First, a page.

Sep 18, 2010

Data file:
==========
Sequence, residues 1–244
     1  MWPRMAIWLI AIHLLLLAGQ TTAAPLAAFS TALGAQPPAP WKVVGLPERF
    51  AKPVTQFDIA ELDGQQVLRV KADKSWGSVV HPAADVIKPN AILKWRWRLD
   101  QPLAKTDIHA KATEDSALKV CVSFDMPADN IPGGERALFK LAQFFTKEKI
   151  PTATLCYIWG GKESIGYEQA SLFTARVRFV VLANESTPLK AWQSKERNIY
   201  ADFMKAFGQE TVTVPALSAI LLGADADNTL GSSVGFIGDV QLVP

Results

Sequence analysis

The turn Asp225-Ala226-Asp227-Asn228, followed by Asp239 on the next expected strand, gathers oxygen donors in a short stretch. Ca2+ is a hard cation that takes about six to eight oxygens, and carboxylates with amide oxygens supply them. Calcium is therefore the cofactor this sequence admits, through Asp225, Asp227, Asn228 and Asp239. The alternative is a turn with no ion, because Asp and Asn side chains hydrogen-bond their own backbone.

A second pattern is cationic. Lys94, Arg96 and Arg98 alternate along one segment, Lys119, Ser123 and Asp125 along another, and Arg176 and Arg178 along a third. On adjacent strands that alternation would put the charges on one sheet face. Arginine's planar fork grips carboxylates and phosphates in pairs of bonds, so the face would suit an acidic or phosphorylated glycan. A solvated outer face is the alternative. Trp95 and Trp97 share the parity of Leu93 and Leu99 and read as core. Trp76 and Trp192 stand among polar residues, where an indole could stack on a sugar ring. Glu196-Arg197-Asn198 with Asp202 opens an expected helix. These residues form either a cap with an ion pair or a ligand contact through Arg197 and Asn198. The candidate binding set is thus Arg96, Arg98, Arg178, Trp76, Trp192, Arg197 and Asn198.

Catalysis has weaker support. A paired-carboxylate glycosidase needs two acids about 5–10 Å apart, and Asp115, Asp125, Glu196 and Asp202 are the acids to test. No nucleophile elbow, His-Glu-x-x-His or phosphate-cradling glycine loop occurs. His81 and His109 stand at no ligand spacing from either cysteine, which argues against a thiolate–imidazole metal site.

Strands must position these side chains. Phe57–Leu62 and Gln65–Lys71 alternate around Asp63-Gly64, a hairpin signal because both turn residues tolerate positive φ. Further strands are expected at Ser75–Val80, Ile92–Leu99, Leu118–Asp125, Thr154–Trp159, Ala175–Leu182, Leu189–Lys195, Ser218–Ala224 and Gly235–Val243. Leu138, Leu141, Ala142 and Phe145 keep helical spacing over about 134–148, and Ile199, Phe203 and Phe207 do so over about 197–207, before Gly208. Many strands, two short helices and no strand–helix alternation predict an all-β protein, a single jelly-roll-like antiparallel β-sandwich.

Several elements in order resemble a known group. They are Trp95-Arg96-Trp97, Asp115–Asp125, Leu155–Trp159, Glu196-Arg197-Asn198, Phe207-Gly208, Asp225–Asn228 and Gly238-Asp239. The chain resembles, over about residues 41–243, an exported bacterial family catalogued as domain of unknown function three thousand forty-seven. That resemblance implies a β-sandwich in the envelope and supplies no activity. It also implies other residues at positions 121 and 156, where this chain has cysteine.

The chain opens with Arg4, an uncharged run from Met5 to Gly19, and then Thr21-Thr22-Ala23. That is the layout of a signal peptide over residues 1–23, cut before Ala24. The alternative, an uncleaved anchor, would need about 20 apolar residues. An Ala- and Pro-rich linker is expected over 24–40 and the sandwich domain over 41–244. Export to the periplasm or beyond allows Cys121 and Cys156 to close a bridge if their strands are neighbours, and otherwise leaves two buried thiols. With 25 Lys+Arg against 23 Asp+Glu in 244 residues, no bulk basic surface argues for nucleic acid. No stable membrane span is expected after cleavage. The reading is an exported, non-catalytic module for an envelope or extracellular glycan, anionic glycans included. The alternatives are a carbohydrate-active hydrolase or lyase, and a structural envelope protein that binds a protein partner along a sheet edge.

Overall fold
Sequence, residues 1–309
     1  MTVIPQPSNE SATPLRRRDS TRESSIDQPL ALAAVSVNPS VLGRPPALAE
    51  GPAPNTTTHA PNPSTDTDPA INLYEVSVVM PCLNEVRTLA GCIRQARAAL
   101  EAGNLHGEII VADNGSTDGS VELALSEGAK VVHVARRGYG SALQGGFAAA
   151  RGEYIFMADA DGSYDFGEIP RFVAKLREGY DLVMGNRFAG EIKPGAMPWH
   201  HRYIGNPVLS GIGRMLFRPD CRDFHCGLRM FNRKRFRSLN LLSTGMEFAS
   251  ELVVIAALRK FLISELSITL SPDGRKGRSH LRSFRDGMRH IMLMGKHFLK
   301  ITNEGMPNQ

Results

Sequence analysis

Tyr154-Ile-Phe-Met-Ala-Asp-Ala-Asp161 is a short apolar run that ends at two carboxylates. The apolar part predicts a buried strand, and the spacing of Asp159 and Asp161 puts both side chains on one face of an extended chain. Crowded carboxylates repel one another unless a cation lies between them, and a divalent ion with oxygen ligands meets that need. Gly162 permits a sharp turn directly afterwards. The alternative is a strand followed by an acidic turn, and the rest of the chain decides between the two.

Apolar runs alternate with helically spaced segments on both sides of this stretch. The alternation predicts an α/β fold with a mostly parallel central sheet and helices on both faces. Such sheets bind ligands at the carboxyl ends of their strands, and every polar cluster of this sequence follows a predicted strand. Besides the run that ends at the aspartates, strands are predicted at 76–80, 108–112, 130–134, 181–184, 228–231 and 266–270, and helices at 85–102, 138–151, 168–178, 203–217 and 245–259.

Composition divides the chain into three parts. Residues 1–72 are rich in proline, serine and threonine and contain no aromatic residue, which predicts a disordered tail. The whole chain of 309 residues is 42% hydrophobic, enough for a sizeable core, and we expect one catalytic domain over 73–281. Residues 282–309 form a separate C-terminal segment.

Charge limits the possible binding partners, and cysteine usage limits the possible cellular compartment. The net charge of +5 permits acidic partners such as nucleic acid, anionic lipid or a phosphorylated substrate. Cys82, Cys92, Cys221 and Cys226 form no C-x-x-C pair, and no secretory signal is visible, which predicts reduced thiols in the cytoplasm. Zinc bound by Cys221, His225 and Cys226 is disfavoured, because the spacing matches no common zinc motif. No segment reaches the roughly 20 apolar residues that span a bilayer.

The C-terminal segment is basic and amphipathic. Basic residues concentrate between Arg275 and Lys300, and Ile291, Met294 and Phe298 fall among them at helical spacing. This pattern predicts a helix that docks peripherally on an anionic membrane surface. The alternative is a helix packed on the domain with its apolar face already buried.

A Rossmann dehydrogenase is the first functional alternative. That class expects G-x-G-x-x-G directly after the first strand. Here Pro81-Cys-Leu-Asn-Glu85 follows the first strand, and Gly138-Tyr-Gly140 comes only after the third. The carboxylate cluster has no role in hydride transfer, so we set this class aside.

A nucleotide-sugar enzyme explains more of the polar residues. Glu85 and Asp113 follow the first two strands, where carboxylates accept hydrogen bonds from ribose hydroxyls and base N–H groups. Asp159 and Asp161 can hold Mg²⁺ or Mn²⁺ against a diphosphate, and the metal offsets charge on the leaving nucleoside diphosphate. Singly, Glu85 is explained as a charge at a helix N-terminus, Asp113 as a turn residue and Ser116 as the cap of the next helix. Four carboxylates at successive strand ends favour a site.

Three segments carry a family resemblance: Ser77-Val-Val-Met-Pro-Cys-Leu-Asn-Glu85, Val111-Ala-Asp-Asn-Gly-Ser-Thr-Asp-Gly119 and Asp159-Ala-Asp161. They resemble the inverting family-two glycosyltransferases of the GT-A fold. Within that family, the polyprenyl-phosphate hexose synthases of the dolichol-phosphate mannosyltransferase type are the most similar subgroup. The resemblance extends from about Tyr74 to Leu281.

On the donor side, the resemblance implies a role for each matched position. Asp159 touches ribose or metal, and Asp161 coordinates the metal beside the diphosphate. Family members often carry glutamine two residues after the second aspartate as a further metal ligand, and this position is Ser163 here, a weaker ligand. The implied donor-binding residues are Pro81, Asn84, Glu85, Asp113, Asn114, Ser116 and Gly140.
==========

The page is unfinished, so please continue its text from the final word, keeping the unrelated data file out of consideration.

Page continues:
The work of John Hughlings Jackson (1835-1911) has attracted considerable attention among historians and philosophers of science because it set a conceptual framework for scientific neurology. In this paper we examine the notion, espoused by some modern writers, that his scientific work was motivated by a deep interest in metaphysics. There are two elements in the story—a youthful crisis of intention, and an alleged mature interest in formal metaphysical speculation. We use the term metaphysics to describe the extrapolation of a scientific theory beyond the phenomena it is intended to explain1. For example, Herbert Spencer's extension of evolutionary principles beyond biology into all manner of social and political realms is a form of metaphysical speculation. On this view of metaphysics, we argue, Hughlings Jackson's personal intentions were not at all metaphysical. [entyre text]

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